Prison Voice Washington has received concerns from those incarcerated under the Washington Department that DOC CI Food Services Newsletter Sept 2018 Publication No. 700-NE002, which was recently posted in living units for the incarcerated, contains a half-page article from DOH on carbohydrates but 2.5 pages of concerning material entitled “What is a Processed Food? You Might Be Surprised!” put out by an outfit called the International Food Information Council Foundation, which is a front group for a trade association of processed food manufacturers including Pepsi, Coke, Nestle, and so on. Many misleading statements in this article run directly contrary to the DOC’s duty, the DOH Healthy Nutrition Guidelines, and the state’s mission under Executive Order 13-06 to encourage Washingtonians to eat meals cooked from scratch and to ‘use less processed foods that do not contain added sugar and sodium’. Against that recommendation, this newsletter claims ‘that processing foods often makes them safer’, that ‘some processed foods may actually aid with weight management’, that ‘numerous processed foods could be considered “natural”‘, etc., all in the interest of supporting the contention that food processing ‘gives us an abundant, safe, convenient, affordable, and nutritious food supply.’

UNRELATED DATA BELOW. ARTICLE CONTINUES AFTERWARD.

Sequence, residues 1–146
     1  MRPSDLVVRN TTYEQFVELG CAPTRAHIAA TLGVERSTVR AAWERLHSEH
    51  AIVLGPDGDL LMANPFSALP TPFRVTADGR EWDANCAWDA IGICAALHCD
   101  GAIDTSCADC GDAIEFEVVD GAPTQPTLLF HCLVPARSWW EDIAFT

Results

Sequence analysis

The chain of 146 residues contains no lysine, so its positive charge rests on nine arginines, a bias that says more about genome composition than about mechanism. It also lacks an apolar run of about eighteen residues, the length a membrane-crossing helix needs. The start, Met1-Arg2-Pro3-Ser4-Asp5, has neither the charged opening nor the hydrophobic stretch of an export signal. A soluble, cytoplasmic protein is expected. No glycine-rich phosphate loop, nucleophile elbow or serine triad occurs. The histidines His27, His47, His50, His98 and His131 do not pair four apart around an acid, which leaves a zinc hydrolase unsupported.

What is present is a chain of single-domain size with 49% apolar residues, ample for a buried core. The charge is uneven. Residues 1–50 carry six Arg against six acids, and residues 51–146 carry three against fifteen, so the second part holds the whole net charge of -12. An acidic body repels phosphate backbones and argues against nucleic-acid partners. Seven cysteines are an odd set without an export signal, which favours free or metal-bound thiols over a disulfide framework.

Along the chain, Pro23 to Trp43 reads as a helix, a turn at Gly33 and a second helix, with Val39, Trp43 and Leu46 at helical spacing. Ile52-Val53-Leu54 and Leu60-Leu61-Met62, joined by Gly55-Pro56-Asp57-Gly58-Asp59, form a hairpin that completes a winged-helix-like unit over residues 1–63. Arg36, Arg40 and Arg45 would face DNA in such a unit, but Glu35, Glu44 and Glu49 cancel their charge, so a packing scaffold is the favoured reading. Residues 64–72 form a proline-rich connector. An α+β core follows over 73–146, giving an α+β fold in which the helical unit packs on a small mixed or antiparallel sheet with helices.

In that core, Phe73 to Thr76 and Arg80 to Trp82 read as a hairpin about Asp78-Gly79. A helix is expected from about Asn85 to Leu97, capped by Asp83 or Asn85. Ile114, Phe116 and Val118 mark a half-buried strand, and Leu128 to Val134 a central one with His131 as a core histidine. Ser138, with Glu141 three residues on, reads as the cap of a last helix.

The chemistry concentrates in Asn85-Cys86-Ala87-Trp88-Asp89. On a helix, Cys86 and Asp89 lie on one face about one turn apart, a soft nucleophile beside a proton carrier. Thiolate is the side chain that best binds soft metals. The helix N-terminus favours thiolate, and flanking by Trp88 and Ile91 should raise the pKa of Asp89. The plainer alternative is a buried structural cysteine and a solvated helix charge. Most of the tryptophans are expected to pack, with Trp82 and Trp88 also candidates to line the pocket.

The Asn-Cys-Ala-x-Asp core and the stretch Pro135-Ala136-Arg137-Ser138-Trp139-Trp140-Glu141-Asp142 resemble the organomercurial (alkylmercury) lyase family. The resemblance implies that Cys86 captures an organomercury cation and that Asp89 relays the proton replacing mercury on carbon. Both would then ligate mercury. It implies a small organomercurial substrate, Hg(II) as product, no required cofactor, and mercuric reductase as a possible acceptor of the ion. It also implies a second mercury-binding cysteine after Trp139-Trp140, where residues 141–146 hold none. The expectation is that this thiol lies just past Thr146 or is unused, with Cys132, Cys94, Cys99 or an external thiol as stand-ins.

It is Prison Voice Washington’s understanding that this newsletter was intended to help incarcerated people make healthy choices. To address the misinformation that has already gone out, we encourage the Washington Department of Corrections and Correctional Industries to print and post a retraction article in all living units, acknowledging the fact that the International Food Information Council Foundation is a front group for processed-food manufacturers that attempts to promote consumption of their products, and that the September Food Services newsletter contained many misleading and dubious claims. We would like to see a new newsletter emphasizing that whole foods cooked from scratch are best, citing accurate public medical research that has repeatedly shown consumption of processed foods is linked to the obesity epidemic and a variety of preventable diseases, reiterating what the Healthy Nutrition Guidelines say about processed food, and advising the incarcerated to consume less processed foods that do not contain added sugar and sodium.